Poetry Friday: Translating Language And Concepts, The Poetry Of Rex Lee Jim

Apr 19, 2019

Translating poems from Dine' to English is not just a matter of words, it's a matter of concepts. That's how Rex Lee Jim creates his poetry. He is a storyteller, Medicine Man, Princeton University scholar and former Vice President of the Navajo Nation. He's just released a new collection of bilingual poems. And in this week's Poetry Friday segment, Jim shares some cultural analysis of his own work. 

Rex Lee Jim
Credit Salina Bookshelf, Inc.

Rex Lee Jim:

In Navajo, we really don’t distinguish poetry, plays, storytelling. And we have always been listening to stories most of our lives. As young kids, we listen to coyote stories, we listen to stories about our grandparents going down to the local store on horseback and who was there and what they were discussing. I’ve always listened to elders, and the language they use. It’s very beautiful, very descriptive, articulate and authentic. It was just amazing, the vocabulary. They painted pictures with the language they used. And the way they did it, it was very alive, and it’s as though you were there watching them. So, that’s how I got interested in storytelling.

Rex Lee JIm (L) with his maternal uncle, Kin Lichii'nii Nez, 1979.
Credit Sam Bingham

A good example of the difficulty of translation is Nááts’íílid Bee Na’ní’á, The Bridge of Rainbow:

Sitting in the sandstone alcove.

Fire water firing us up,

We climbed up here on a narrow trail. 

In front of us a river runs

Through a tunnel of red willows.

A swinging bridge stretches across.

Whiteman land is on this side,

Navajo land is on the other side.

We want to get back to the other side.

We might make it back to the other side.

If we hold hands together and hold on tightly.

If not then we will go beneath the river.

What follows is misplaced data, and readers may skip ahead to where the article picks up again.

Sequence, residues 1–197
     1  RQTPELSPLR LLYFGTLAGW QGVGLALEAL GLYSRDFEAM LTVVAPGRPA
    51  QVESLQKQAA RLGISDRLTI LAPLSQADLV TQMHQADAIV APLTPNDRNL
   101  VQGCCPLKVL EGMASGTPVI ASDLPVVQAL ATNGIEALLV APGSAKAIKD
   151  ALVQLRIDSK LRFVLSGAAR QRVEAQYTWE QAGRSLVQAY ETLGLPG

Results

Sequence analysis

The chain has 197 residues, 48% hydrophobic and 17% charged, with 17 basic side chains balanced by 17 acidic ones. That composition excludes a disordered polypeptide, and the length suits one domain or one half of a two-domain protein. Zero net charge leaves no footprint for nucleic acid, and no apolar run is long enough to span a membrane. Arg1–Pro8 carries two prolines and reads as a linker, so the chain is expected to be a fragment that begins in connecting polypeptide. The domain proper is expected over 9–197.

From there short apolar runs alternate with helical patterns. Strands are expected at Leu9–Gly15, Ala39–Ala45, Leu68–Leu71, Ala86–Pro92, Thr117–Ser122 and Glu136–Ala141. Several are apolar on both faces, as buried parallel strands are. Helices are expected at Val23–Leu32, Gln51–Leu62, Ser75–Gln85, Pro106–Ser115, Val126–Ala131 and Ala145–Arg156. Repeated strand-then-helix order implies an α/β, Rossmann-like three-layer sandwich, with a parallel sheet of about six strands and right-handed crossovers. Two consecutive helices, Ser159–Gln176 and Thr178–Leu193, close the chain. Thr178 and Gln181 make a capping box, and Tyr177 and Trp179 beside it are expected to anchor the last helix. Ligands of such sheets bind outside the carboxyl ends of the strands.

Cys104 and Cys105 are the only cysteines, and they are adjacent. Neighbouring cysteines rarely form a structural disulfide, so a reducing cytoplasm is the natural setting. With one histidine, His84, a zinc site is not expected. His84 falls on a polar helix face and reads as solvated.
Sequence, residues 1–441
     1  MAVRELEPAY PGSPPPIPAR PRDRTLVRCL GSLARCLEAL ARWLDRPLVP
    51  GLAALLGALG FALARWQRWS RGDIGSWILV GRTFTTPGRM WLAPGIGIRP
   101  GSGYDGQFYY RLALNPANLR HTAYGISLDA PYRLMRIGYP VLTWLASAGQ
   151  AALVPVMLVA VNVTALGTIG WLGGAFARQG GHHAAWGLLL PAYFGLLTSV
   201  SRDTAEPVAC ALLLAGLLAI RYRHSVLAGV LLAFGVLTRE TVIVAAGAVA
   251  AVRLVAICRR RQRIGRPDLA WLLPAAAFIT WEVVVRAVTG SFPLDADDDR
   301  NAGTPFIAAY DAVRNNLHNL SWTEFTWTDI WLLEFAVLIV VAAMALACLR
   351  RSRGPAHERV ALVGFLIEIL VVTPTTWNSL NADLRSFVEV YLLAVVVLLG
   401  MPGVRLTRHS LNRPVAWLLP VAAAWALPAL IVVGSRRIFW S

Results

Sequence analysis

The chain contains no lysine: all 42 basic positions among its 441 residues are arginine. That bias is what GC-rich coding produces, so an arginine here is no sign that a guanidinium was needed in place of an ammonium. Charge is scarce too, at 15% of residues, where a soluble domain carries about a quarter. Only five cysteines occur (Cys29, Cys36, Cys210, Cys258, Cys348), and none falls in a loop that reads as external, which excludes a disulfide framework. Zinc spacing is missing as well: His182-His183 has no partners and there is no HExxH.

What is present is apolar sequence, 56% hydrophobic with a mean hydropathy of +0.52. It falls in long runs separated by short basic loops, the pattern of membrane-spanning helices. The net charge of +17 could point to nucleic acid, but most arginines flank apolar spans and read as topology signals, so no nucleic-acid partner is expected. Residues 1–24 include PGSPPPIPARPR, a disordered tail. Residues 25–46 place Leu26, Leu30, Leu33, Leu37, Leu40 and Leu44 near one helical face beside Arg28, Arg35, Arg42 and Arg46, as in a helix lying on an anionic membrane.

On the other side, in Navajo country, 

I hear drumming of the giant's heart.

Yíiyá

Rex Lee Jim (R), graduating from Princeton University, 1986
Credit Princeton Alumni News

In Navajo, yiits’a’, is translated as “the one walking giant” in English. But if you look at the word carefully, yiits’a’, you can divide it into two: yii, which means “fear”, and ts’a’, means “big.” So the concept there is actually “big fear”. If you translate it to “the giant”, it does not have that association, that connection. The Navajos talk about “the big fear” as something or someone who didn’t exist a long time ago, or external to who we are. That “big fear” is inside of us.

The next poem is called Hózhóójí T’iis, Tree of Peace:

At the house made of thought

At the house made of action

Where the ponderosa trees meet the sky

Where varied plants take root in the earth

We plant a tree of peace

From here on

Think for seven generations,

Act for them,

We are told.

In this way the hoop will become whole again,

They are told.

Every time we say ‘language preservation’, we talk about herding sheep and weaving. We need to go beyond that. The Navajo language can embrace more, and we need to expand its’ capacity to embrace all kinds of experiences.

Poetry Friday is produced by KNAU's Gillian Ferris. If you have an idea for a segment, drop her an email at Gillian.Ferris@nau.edu.